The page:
“FOCUS will help you,” said ‘Declan’, a man who has benefited from the services that Focus Ireland provide at their Grange Cohan base in Waterford city.
“People who f**k up know they’re f**king up. They know that themselves in the back of their mind, whether they’ll ever admit it or not. This is why they’re so wary of help, or any kind of intervention. But when you realise that there are genuine people out there who will help, who’ll put the ointment over the scab and bandage it up, life does get easier.”
In the past two or more decades, the help which organisations such as Focus Ireland and Respond! have provided to dozens of families in Waterford has proven both invaluable and transformative. It’s not hyperbolic to suggest that there are people alive today thanks to the efforts of both bodies. These organisations have been doing the work that successive governments ought to have been advancing and delivering on.
And were it not for them and advocates such as Father Peter McVerry, the extent of our homelessness crisis would be altogether worse.
During a recent visit to the Cork Penny Dinners service, Fr McVerry took issue with the Fine Gael-led Government which maintains its approach to homelessness is working.
“If you were running a business, losing money and you were asked to come up with a strategy to reduce those losses, if after three years the company was not just losing money, but losing more money every month, somebody would say that strategy isn’t working,” he said. “I think we have to apply that to the Government’s strategy to homelessness.”
The most recent figures available state that there are 112 adults in emergency accommodation in Waterford, while on a regional basis, there are currently 266 adults without a home.
Anecdotal evidence suggests that there are few rough sleepers in the city at present, but there is at least one person regularly manning a tent in a sheltered area just off the Roanmore Terrace/Keane’s Road junction.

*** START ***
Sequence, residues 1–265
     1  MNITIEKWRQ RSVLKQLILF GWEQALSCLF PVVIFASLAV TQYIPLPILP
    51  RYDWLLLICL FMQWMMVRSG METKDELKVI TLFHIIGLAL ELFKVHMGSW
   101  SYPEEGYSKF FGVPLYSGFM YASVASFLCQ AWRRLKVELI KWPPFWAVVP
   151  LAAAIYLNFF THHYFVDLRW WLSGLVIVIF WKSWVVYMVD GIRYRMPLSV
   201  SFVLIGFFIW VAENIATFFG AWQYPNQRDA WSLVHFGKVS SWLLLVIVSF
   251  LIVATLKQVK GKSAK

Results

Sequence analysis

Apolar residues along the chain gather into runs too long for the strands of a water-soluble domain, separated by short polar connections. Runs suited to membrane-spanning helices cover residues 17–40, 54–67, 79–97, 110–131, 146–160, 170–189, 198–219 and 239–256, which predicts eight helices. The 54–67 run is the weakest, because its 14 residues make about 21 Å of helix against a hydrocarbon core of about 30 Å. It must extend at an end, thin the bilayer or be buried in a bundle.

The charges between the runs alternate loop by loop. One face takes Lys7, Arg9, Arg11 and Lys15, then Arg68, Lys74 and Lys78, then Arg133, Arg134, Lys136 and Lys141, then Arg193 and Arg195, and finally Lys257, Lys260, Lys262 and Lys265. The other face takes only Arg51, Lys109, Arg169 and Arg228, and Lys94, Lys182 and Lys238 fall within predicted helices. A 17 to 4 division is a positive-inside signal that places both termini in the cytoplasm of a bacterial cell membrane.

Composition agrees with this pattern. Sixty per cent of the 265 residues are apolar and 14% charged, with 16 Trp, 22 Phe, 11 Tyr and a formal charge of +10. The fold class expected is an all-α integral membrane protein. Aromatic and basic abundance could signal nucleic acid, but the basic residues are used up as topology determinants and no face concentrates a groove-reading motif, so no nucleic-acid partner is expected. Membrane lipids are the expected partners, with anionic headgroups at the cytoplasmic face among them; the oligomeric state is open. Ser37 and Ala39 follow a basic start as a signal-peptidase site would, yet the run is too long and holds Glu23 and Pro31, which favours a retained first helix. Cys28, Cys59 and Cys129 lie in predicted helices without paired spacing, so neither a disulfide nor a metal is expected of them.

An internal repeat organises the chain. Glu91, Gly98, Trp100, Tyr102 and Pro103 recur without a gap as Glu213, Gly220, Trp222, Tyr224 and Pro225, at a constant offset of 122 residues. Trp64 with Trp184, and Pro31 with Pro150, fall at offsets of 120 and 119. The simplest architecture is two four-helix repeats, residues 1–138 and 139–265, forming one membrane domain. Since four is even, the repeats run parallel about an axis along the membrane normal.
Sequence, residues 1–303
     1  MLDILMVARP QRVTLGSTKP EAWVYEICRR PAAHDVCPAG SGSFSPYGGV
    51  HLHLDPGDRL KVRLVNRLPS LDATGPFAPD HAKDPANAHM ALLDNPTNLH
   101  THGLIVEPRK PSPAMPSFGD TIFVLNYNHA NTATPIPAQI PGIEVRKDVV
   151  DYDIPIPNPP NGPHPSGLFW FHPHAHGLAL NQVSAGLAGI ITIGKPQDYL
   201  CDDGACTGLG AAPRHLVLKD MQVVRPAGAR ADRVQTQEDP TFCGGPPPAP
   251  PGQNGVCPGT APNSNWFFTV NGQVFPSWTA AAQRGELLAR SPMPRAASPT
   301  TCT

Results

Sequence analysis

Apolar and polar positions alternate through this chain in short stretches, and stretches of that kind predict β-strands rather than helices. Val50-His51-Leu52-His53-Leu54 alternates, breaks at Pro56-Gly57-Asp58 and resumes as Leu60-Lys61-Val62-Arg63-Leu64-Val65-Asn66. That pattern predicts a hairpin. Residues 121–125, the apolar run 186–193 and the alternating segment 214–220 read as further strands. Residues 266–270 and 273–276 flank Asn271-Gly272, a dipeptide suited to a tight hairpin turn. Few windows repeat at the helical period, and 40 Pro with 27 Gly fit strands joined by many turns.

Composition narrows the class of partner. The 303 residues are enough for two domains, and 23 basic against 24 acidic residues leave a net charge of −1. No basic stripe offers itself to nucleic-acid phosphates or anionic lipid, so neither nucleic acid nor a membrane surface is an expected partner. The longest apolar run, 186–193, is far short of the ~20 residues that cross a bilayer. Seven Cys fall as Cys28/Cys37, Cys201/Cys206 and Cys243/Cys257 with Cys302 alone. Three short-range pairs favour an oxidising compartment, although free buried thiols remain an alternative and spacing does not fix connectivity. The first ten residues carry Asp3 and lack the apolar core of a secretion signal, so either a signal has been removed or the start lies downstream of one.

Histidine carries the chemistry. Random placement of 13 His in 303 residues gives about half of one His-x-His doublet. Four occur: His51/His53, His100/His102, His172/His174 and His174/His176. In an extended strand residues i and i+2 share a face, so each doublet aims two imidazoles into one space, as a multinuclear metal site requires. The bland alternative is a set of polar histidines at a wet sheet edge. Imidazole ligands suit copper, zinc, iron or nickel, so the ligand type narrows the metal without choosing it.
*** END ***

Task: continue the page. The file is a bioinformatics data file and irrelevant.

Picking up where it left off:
And while there may be some people who, for a variety of reasons, will refuse any help of any kind, the vast majority of people are open to help and are willing to engage with services. Their Government must do more for them.
There was no concealing the satisfaction of mid-Waterford Councillors when, on October 17, they approved the Part VIII planning process that will set in train the delivery of 16 new houses in Kilmacthomas.
These will be the first fresh Council builds in Kilmacthomas since the 1990s, a fact which in itself underlines the knee cutting exercise Central Government has waged against local authorities since the late 1980s.
Councils ought to be building more homes, and thankfully there are further signs of life in Waterford regarding new local authority builds, given the finished units provided in Dungarvan, Portlaw and Tallow, along with the impressive 2015 Chairman’s Arch development.
But as Councillors have repeatedly stressed in recent years, so much more is needed to reverse a trend which sadly continues to develop in the wrong direction.
Said Fr McVerry: “Once something exists for a number of months it becomes the norm. And we are no longer shocked.”
As he knows better than most, homelessness across the State has metastasised during a period of so-called economic recovery. But in this case there is a known cure. A known remedy, rather than a revolution, is what’s needed here. However, the vision to implement such a remedy at Government level remains painfully and sadly lacking.